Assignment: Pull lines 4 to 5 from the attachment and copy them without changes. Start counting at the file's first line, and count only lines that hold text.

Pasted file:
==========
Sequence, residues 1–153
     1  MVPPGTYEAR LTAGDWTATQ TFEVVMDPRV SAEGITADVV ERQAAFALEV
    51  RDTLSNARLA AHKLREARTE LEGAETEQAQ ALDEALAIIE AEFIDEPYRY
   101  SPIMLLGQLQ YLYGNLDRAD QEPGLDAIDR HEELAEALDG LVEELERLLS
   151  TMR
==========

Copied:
   101  SPIMLLGQLQ YLYGNLDRAD QEPGLDAIDR HEELAEALDG LVEELERLLS
   151  TMR